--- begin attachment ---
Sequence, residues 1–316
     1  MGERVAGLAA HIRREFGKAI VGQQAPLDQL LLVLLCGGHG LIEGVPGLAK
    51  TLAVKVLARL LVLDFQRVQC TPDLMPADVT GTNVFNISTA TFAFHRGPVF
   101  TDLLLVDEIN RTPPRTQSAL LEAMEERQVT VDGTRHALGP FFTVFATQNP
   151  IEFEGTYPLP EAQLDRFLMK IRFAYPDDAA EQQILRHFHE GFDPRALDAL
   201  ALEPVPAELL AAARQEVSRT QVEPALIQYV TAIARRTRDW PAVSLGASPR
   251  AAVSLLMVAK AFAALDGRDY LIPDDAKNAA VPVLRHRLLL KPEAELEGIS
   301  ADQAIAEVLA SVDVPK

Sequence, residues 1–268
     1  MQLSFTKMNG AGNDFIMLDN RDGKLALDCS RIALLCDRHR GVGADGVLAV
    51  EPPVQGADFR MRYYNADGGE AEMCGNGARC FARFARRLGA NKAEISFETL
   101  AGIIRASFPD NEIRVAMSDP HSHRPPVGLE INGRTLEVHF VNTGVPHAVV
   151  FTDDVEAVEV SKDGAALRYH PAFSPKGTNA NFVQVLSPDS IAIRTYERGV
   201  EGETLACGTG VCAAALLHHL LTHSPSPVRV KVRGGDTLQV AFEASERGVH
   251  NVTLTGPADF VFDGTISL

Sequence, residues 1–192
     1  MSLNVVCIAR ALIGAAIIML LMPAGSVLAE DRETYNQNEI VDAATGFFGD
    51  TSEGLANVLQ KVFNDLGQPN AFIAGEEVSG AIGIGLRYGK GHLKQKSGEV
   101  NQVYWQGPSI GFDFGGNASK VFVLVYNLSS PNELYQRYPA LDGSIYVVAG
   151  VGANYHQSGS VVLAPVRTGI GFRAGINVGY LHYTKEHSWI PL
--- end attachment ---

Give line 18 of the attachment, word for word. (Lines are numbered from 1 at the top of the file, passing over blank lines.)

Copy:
    51  TSEGLANVLQ KVFNDLGQPN AFIAGEEVSG AIGIGLRYGK GHLKQKSGEV